Getting Your Moissanite’s Worth

, , , , , , | Working | November 24, 2018

(One of my dad’s friends refers us to a jeweler who is selling his laptop on Craigslist, and I volunteer to check it out. I just got engaged two months prior, and my fiancée had insisted on giving me a moissanite ring that many of my retail customers and coworkers had mistaken for a diamond. I also have a habit of talking with my hands, and using them in new ways to describe nouns and objects, which people somehow get offended by because it seems to them like I’m “showing off.” I’m in the ritziest part of Snobsdale, at a super fancy-looking jewelry store. I already don’t want to deal with this part of town because I never feel, despite my appearance in a white, button-down shirt and pressed, black slacks, that I can blend in with the ultra-rich people who frequent stores like the one I’m walking into.)

Woman: *in a somewhat snobbish tone* “Hello. Can I help you?” *noting my messy hair in a clip on top of my head* “Are you lost?”

Me: “[Manager] asked me to meet here—” *points at counter* “—to pick up a laptop. *makes a square with my hands*

Woman: *grabs my hand* “Oh! What a beautiful ring! Do you want to sell it?”

Me: “Uh, no? I’m here for the laptop? [Manager] has it.”

Woman: “I would love to add it to—” *sweeps hand over a large selection of $20k+ diamond rings* “—my collection here. Oh, your ring would be the star!” *prattles on about it’s supposed clarity and quality*

Me: *peruses rings briefly, noting the large price tags, and trying to get my hand away from her* “Um… Wow. Soooo… Where is [Manager]?”

Manager: *singing his greeting* “Helloooooooooo!”

Me: “Hi, I’m [My Name], here for the laptop.”

Manager: “Oh, yes, that’ll be $150.”

(I inspect the laptop, find everything in order and perfectly running, according to the ad, and hand over the money. The manager is talking to me while I’m running the laptop through its paces, and I’m generally feeling happier and less self-conscious about being there.)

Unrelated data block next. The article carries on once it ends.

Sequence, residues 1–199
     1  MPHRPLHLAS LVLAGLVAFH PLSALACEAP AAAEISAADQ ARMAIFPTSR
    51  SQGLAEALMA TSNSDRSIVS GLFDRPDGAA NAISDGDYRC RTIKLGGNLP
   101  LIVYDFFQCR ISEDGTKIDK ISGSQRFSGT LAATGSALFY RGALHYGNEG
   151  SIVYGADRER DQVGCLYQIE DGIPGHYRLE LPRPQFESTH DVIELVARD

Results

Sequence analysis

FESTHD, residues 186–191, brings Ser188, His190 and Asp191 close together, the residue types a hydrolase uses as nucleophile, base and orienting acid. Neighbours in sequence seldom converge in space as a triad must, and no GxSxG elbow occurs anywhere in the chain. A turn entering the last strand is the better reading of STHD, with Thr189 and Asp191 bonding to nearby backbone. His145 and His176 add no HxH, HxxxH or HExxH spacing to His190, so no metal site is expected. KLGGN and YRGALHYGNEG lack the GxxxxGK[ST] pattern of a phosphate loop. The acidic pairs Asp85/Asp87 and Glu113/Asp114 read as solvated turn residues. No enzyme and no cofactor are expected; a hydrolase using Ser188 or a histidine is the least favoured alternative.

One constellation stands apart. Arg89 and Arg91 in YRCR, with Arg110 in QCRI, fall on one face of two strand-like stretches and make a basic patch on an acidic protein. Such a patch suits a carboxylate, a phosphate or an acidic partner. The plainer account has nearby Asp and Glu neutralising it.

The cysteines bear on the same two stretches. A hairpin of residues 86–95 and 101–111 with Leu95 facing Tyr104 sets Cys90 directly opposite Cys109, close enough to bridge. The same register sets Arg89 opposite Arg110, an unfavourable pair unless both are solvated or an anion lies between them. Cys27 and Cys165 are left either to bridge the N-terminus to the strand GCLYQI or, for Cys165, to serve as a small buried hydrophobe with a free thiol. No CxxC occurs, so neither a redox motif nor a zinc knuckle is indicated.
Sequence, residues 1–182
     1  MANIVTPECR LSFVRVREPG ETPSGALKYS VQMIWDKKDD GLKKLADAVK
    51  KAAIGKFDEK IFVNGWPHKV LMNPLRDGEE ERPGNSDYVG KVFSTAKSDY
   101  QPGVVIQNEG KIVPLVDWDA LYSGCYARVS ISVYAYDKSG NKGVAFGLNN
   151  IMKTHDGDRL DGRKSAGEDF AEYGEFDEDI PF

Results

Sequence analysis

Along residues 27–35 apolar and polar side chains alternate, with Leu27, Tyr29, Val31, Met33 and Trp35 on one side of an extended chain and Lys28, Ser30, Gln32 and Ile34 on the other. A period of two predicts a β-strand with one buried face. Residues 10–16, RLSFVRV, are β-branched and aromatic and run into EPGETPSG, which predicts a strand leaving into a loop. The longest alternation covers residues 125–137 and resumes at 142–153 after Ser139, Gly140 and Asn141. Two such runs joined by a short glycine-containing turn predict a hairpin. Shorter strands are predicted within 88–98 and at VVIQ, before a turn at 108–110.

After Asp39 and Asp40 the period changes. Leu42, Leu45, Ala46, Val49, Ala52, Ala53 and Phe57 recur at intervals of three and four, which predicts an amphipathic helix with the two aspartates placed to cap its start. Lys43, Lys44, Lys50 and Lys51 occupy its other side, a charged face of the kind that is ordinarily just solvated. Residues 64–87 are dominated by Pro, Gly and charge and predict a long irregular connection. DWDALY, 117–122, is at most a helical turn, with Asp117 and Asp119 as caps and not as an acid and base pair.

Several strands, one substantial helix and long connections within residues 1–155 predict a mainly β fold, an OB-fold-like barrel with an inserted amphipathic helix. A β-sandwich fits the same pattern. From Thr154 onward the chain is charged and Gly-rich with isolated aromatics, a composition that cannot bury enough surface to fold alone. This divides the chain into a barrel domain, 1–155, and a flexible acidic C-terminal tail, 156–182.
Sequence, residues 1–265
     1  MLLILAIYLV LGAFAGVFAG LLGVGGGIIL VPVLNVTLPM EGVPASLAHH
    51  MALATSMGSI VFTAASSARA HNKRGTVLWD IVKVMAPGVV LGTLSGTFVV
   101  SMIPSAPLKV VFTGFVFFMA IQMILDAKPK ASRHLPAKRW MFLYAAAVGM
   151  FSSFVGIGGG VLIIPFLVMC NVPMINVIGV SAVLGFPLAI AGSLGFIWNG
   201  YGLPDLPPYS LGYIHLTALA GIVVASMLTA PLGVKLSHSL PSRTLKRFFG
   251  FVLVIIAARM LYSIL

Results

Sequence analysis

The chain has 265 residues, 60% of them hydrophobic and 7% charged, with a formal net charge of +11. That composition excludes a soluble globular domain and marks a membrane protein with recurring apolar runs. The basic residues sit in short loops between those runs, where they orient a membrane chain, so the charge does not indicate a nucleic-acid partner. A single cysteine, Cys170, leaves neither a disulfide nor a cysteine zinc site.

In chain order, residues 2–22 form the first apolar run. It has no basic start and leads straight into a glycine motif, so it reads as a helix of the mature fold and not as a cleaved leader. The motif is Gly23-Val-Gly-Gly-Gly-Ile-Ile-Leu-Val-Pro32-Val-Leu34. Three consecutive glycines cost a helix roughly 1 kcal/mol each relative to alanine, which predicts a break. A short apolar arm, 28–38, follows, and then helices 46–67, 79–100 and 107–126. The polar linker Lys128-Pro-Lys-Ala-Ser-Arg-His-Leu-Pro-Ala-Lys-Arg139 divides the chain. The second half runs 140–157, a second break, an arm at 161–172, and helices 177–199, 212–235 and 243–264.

Woman: “So, how long are you going to be with running the laptop like crazy? I’m sure [Manager] would like to see your ring.”

Me: *happily* “Hopefully not too long; I have to make sure that [Manager]’s 100% here, and that it can run all these programs at the same time.” *shows him my ring*

Manager: “Oh, my God. Oh, wow. That is gorgeous. Is it real?”

Me: “It exists.”

Manager: “Uh, oh, I, uh… I, hmm… I mean, is it a diamond?”

Me: “No.”

Woman: *talking over me* “Of course it’s a diamond! I know my jewels!” *prattles on about the supposed clarity and quality again, then looks at me* “I’ll give you thirty-two thousand dollars for it.”

Me: *coughs and looks at her, surprised* “I… I’m sorry, what? If my fiancée ever spent thirty-two thousand dollars on a ring, I… I’d kill him and bring him back to life so I could kill him again! That’s a house’s do—”

Woman: “Oh, I’m sure it’s not that big of a deal, really! It’s just money! Besides, you’re a well-dressed lady with an eye for fashion. It’s just money, honey!”

Me: Wow.” *holds up ring* “The street value on this ring will never match its sentimental value.”

(Both of them laugh in the most snobby way I have ever heard in my life. At the time, I didn’t know about the wands that can tell a diamond from a moissanite. I would have suggested she check the ring if I had! My running the laptop through its paces is over, so I turn it off, hand him the cash, and put the laptop in the bag he gave me.)

Woman: “So, you won’t consider the offer?”

Me: “Nope! It’s actually a—”

Woman: “It’s a gorgeous cut, amazing clarity, and would sell very quickly.”

Me: “I’m sure it would, but it has a sentimental value that far exceeds anything you could offer me.”

Manager: “No counteroffer? Not even in trade for a ring here?” *sweeps hand over vast selection of rings, and starts in a high-pitched voice* “‘Oh, honey, you’ll never believe what I got at [Jewelry Store]! Oh, and ten thousand dollars cash, can you believe it?’” *resumes his normal tone* “All you’d have to do is trade it in for a 3/4 carat, and we’ll give you cash.”

Me: *now angry, because they’ve interrupted me at least twice now* “I said no! It’s a—”

Manager: “Of course, if you reconsider, the offer stands.”

Me: *a little angrier now* “And I won’t take it! Wow, y’all are persistent about this moissanite!” *points at the manager* “Another word out of your mouth, dude, and you can give me the money back, and you can keep this laptop!”

(I turn around and hear him quietly say “Wow!” as I continue walking. I put the laptop bag down.)

Me: *whirls back around on one foot and walks back towards them* “Okay. Money back, now.”

Manager: “No!”

Me: “Money. Now.”

Woman: *smugly* “The transaction was finished to your satisfaction; you can’t make him.”

Me: “And you can’t make me give up my moissanite for any price! Ever! Stop insisting! It’s real, because it exists, and lady, if you knew jewelry, you’d know how to tell the difference at a glance!”

Woman: *flustered that I questioned her talent* “Oh, just give her the money back, honey!”

Manager: *rolls eyes* “Pfffft, fine…” *hands me the money back*